Khouri, Callie (Ann) 1957-

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KHOURI, Callie (Ann) 1957-

PERSONAL: Born November 27, 1957, in San Antonio, TX; daughter of Eli, Jr. (a surgeon) and Virginia Mae (a homemaker; maiden name, Uland) Khouri; married David Weaver Warfield (a writer and producer), June 2, 1990. Education: Attended Purdue University; studied at Strasburg Institute.

ADDRESSES: Agent—c/o International Creative Management, 8942 Wilshire Blvd., Beverly Hills, CA 90211.

CAREER: Screenplay writer, film producer, and author of nonfiction. Producer (with Dean O'Brien) of film Thelma and Louise, Metro-Goldwyn-Mayer/Pathe, 1991; director of film Divine Secrets of the Ya-Ya Sisterhood, 2002. Formerly worked as an actor, theater apprentice, and waiter in Nashville, TN; produced music videos for performers Robert Cray, Alice Cooper, and the Commodores; worked as a production company receptionist in Los Angeles, CA; also worked as a lecturer.

MEMBER: Hollywood Women's Political Committee, Fairness and Accuracy in Reporting (member of advisory board), Women's Media Watch Project.

AWARDS, HONORS: Academy Award for best original screenplay, Golden Globe Award, and Writers Guild of America West Award, all 1991, all for Thelma and Louise; Glamour Woman of the Year award, 1991; Feminist of the Year Award, Feminist Majority Foundation, 1991; U.S. West Literary Award, PEN Center West, and Matrix Award, New York Women in Communication, both 1992.



Thelma and Louise, Metro-Goldwyn-Mayer/Pathe, 1991.

Something to Talk About, Warner Bros., 1995.

Thelma and Louise and Something to Talk About: Screenplays, Grove Press (New York, NY), 1996.

Divine Secrets of the Ya-Ya Sisterhood (based on the book by Rebecca Wells), Warner Bros., 2002.

Contributor to books, including Zen and the Art of Screenwriting, by William Froug, Silman-James Press (Los Angeles, CA), 1996.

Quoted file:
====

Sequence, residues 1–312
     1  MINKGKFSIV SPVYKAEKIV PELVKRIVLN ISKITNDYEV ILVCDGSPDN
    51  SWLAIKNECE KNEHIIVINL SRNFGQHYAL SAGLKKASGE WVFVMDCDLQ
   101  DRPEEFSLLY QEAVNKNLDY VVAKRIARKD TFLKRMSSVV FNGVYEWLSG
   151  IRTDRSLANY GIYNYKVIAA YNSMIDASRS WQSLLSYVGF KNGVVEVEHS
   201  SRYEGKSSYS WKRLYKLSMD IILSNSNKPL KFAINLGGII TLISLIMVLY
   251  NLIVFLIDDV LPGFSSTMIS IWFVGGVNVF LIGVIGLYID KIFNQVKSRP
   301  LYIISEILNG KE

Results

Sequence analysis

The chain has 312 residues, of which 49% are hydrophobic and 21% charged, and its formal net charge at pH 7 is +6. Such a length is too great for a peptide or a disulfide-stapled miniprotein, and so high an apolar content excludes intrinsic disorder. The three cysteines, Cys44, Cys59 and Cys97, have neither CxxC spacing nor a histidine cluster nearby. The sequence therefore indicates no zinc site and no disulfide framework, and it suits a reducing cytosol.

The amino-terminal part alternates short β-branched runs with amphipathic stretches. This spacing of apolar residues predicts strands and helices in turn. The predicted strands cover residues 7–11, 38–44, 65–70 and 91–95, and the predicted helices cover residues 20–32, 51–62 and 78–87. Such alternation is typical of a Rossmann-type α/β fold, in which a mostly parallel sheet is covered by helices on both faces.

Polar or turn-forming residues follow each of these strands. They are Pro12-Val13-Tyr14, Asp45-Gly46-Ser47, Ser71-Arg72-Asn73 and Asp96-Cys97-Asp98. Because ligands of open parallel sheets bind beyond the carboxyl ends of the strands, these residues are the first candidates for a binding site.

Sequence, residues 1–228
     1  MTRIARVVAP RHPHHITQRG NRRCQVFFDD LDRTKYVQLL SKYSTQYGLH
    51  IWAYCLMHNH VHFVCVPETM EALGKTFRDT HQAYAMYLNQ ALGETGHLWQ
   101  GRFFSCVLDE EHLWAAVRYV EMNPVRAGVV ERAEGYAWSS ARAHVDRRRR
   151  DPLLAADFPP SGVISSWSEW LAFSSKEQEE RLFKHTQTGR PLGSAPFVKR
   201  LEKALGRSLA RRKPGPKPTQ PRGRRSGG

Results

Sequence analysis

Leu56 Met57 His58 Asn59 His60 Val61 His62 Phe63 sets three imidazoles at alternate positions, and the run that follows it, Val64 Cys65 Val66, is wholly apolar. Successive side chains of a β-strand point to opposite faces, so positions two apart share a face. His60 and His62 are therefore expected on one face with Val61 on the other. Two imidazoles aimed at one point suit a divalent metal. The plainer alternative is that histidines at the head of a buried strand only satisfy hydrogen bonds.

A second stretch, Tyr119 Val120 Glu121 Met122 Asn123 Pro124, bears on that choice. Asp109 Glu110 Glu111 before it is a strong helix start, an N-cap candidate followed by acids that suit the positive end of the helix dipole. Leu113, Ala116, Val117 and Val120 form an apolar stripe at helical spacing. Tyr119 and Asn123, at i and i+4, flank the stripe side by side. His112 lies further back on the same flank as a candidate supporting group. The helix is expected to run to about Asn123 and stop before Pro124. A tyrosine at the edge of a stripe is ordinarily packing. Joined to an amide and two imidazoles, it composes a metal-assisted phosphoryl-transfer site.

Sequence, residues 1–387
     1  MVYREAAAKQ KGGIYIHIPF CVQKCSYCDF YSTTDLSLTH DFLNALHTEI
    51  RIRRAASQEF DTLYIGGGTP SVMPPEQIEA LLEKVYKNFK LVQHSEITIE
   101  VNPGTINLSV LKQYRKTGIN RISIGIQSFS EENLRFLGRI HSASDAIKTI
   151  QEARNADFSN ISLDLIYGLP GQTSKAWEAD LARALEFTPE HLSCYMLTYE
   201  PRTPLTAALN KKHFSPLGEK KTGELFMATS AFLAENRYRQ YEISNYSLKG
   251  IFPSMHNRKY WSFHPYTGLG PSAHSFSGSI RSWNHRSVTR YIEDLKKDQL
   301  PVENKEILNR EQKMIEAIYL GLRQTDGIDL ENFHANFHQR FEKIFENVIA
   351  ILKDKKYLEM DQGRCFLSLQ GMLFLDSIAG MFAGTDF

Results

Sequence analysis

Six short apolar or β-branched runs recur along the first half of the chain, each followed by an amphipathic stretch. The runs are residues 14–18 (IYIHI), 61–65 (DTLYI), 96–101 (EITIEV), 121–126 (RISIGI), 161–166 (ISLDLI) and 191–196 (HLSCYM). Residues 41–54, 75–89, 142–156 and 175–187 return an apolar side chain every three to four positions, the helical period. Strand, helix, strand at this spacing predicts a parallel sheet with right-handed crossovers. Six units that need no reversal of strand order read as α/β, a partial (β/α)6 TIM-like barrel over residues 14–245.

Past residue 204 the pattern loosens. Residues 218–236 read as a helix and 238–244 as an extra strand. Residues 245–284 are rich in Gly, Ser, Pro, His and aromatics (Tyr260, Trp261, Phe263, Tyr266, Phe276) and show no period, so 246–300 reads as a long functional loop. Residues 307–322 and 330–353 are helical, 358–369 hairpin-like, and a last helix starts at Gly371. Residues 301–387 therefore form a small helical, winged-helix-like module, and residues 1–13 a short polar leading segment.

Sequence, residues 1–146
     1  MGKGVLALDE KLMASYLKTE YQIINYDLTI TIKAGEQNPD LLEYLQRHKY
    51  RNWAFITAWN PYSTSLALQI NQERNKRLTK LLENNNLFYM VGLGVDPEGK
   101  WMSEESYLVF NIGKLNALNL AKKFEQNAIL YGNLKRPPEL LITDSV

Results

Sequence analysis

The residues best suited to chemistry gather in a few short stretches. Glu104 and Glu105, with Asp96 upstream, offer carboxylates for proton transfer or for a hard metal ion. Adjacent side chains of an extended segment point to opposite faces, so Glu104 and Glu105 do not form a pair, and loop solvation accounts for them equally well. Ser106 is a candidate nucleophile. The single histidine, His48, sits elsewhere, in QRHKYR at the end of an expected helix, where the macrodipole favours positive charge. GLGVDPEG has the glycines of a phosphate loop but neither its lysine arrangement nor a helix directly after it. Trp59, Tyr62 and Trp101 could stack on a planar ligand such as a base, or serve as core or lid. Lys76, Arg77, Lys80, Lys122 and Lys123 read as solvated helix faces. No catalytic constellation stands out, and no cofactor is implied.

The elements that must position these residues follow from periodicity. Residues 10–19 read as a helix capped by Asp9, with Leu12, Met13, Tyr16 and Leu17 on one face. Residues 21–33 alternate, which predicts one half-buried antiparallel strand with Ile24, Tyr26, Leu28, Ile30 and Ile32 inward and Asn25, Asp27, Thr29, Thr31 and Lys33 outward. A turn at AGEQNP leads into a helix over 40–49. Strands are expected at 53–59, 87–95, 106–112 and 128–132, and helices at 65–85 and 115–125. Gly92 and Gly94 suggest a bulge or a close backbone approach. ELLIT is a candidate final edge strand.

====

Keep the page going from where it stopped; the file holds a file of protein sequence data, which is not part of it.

SIDELIGHTS: Callie Khouri has written the screenplays for the controversial 1991 Academy Award winning film Thelma and Louise as well as for the 1995 film Something to Talk About. She also adapted Rebecca Wells's bestselling novel Divine Secrets of the Ya-Ya Sisterhood as a film which appeared in theaters during the summer of 2002.

Khouri's best-known work, Thelma and Louise, is the story of two female friends from Arkansas whose weekend road trip in a 1966 Thunderbird convertible spins out of control. Thelma, played by Geena Davis, is a homemaker trapped in an unhappy marriage to an abusive husband. Louise, played by Susan Sarandon, is an emotionally scarred waitress with her own relationship troubles. The trip begins innocently enough, until Louise shoots and kills a thug at a roadside honky-tonk who tries to rape the outgoing Thelma. Running from the incident, the two women suddenly find themselves fugitives from the law, committing more crimes and setting the scene for the film's dramatic finale.

Newsweek contributor Jack Kroll remarked that Thelma and Louise initially "seems like an obvious feminizing of male-buddy road movies," but the latter part of the film "churns up terrific momentum, and the writing and direction fuse into a genuine pop myth about two women who discover themselves through the good old American ways of cars and criminality." In an online interview with Khouri on, Syd Field noted: "Thelma and Louise has been one of my favorite teaching films. It has great structure . . . great visuals . . . great direction by Ridley Scott . . . but what really grabbed me was the depth of the two characters." Writing in Entertainment Weekly, Ty Burr praised the film's "superior writing, acting, and directing," while in Commonweal contributor Richard Alleva called Khouri "talented and usually inventive," and deemed her screenplay for Thelma and Louise a "juicy script." Calling the film a "cultural milestone," Alleva concluded that Thelma and Louise "is the first feminist film that is also a work of absolute nihilism. Dismayingly, undeniably, it's a lot of fun, too." Responding to the controversy surrounding the female-perpetrated violence in Thelma and Louise, Khouri told Time contributor Janice C. Simpson: "This is an adventure film. It's a film about women outlaws. People should just relax."